Immature Cooper's hawk

On Friday afternoon while I was out running my usual weekly errands, I saw an immature Cooper’s hawk perched on the lattice outside Eastern Bank on Commonwealth Avenue. I was at the gas station next door, so I got out of my car, took several pictures, walked over to the bank and took several more, then returned to my car to pump gas before driving away.

Immature Cooper's hawk

During the five minutes or so I was walking around a bank obviously taking pictures, not only did nobody ask what I was doing, nobody even acknowledged my presence. I had, in other words, reached peak invisibility as a Middle-Aged White Woman. Had I been a black- or brown-skinned man taking pictures outside a bank on a Friday night, how long would it have taken for someone to report my suspicious behavior?

Immature Cooper's hawk

I remember taking pictures once on a side street near MIT’s nuclear engineering labs. The buildings look unremarkable from the outside but presumably contain sensitive research inside. I was crouched on the sidewalk photographing an interestingly-angled shadow when a campus security vehicle pulled up and an officer gruffly asked through a lowered window what exactly I was doing.

Filler 'er up

I straightened up and offered some feeble explanation about noticing an interesting shadow on the sidewalk, but it was immediately clear it didn’t matter what I said. The officer simply chuckled and good-naturedly told me to Carry On, his entire demeanor changing the moment he saw I was the most (presumably) harmless of creatures, a Middle-Aged White Woman.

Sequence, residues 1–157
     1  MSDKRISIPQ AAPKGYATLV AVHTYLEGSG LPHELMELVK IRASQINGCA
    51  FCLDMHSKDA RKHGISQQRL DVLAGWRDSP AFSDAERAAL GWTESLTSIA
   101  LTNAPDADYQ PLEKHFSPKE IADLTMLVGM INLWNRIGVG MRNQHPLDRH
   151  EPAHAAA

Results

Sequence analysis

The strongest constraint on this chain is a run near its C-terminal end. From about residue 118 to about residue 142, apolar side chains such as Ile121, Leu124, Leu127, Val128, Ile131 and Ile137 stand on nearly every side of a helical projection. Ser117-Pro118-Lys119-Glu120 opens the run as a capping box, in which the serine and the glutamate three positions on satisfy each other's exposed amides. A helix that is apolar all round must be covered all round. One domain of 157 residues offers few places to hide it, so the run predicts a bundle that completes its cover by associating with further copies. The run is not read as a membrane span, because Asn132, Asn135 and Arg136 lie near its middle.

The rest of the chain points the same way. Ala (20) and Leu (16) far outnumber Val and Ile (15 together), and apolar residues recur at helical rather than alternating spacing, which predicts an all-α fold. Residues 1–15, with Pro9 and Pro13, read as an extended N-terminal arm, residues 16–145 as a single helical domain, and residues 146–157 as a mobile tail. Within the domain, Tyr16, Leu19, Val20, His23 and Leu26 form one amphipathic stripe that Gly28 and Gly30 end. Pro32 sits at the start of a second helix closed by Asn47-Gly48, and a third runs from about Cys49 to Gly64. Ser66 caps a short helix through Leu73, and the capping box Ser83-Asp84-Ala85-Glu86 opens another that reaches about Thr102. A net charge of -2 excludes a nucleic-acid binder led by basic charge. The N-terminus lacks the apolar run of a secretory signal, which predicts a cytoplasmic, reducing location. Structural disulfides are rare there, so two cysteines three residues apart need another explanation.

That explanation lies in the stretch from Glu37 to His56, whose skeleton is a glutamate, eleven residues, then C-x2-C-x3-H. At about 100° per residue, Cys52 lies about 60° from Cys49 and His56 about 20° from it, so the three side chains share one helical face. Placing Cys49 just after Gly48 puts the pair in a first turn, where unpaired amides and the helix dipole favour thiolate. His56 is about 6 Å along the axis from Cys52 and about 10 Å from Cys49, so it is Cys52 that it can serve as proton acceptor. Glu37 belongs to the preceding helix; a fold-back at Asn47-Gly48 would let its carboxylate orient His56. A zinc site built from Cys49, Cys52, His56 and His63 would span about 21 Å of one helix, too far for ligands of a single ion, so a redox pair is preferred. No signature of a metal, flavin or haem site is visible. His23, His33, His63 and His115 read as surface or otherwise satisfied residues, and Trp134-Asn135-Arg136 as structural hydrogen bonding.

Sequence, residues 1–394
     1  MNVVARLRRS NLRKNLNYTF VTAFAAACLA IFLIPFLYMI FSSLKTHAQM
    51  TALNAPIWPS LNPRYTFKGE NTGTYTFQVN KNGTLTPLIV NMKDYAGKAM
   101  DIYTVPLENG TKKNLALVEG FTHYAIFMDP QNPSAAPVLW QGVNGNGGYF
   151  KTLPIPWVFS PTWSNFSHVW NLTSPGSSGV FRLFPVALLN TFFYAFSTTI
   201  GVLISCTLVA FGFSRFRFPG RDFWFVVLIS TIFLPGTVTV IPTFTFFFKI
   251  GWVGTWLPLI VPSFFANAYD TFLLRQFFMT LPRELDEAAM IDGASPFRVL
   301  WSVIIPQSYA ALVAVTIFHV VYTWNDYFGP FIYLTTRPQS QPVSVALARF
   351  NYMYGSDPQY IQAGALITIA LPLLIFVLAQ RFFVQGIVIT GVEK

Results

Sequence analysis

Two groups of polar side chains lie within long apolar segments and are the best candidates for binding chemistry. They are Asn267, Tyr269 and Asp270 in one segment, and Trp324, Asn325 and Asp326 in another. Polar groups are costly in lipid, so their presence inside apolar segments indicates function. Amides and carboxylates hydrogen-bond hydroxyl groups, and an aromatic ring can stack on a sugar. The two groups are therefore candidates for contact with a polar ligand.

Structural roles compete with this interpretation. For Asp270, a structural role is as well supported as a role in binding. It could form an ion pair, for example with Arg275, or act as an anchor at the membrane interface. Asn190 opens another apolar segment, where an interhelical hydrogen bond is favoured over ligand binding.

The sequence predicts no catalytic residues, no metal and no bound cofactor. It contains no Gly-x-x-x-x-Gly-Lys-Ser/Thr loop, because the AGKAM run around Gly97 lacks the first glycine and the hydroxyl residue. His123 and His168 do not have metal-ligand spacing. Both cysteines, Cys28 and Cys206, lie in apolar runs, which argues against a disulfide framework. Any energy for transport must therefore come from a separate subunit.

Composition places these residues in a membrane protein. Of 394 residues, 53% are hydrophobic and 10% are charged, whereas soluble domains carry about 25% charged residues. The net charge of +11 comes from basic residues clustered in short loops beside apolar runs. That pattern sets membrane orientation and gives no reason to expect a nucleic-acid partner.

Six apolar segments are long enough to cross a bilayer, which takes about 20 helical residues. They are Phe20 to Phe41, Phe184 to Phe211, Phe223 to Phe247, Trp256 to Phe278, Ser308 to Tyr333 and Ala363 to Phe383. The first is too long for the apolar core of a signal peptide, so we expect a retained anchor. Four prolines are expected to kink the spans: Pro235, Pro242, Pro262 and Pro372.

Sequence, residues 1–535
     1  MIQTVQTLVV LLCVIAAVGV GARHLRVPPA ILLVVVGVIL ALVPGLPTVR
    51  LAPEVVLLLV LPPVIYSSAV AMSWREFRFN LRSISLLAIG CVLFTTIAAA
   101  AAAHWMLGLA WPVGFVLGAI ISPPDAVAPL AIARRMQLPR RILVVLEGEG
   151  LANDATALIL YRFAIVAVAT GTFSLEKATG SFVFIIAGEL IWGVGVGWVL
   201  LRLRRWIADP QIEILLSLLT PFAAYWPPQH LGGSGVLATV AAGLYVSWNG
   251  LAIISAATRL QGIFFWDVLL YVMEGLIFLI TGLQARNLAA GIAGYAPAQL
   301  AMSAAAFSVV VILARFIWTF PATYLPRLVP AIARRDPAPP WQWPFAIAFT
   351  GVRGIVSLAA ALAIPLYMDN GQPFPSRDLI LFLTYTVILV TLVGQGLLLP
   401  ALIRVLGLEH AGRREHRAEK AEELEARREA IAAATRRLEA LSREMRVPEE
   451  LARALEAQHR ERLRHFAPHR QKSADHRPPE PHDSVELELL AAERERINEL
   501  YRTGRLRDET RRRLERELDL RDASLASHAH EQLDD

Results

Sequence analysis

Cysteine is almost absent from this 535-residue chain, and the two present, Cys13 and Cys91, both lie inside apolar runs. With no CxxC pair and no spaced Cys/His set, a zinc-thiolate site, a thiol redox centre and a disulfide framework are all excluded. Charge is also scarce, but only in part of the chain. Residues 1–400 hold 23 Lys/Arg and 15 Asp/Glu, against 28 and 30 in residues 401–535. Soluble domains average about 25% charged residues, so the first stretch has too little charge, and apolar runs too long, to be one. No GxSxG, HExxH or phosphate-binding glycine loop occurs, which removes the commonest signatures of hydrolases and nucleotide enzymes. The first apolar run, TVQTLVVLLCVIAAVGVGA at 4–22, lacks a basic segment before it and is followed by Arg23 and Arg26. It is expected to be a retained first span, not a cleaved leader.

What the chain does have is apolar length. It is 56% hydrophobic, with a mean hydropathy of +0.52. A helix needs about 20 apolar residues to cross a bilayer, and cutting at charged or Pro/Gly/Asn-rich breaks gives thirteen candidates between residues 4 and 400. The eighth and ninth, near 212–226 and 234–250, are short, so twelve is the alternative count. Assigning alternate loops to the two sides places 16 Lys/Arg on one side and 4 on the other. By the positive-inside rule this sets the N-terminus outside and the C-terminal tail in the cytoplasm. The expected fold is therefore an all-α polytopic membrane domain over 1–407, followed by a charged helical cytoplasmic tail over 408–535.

Peekaboo

I know the suspicion that awaits black- and brown-skinned folks who commit the crime of birding while black. Cameras and binoculars are tools of surveillance: threatening in the “wrong” hands, but innocuous if those hands are older and whiter. In broad daylight on a Friday afternoon in suburban Boston, a sharp-clawed killer was perched in plain sight, but nobody noticed him or the presumably harmless individual who both spied and shot him. “If you see something, say something” is the motto of the age of homeland insecurity, but what happens when your preconceived notions knit a veil of blindness right over your eyes?

Cosmic pigeons

This morning on my way to the Zen Center, I saw a large Cooper’s hawk perched atop a telephone pole. I was stopped at a traffic light at the time–a captive audience–and after the light changed, I drove around the block, parked, and walked to the corner to take photos.

Good morning, Cooper's hawk.

While I was standing there, a man walked by with a dog. There was no reason for him to look up–he was, after all, walking a dog–so I alerted him to the sight overhead, telling him he’d never get a better view of a Cooper’s hawk. And indeed, she was all but posing, sitting in the morning sun, aglow. “Looking for squirrels,” the man observed, and my inner ornithologist felt obliged to correct him: Cooper’s hawks eat birds, so she was probably trying to decide which of many bird-feeders in the neighborhood to feed from.

Watching

I was, as I mentioned, on my way to the Zen Center, so I continued on with urgency, not wanting to be late for morning practice. And while stopped at a light in the heart of Central Square, I once again looked up right at the moment a flock of pigeons fell from the sky in a single swoop: a rain of wings as a couple dozen birds zoomed from rooftop to sidewalk en masse. It was a split second of wings, with no falcon or hungry hawk in pursuit–just a whim pursued, collectively–and then the light changed, and I wondered whether anyone else had been looking up at the precise moment when the sky fell as feathers.

Watching

And then on my walk from the heart of Central Square to the Zen Center–a route down Modica Way then Green and Magazine Streets–I passed a man with an impeccably waxed handlebar mustache at the precise moment when an avalanche of ice thundered from the roof of a nearby townhouse into a narrow alley. And in that split second, I glanced up, saw a shower of ice hailing down, and then met eyes with the mustachioed man, our eyes exchanging a greeting that doubled as an admonition: heads up.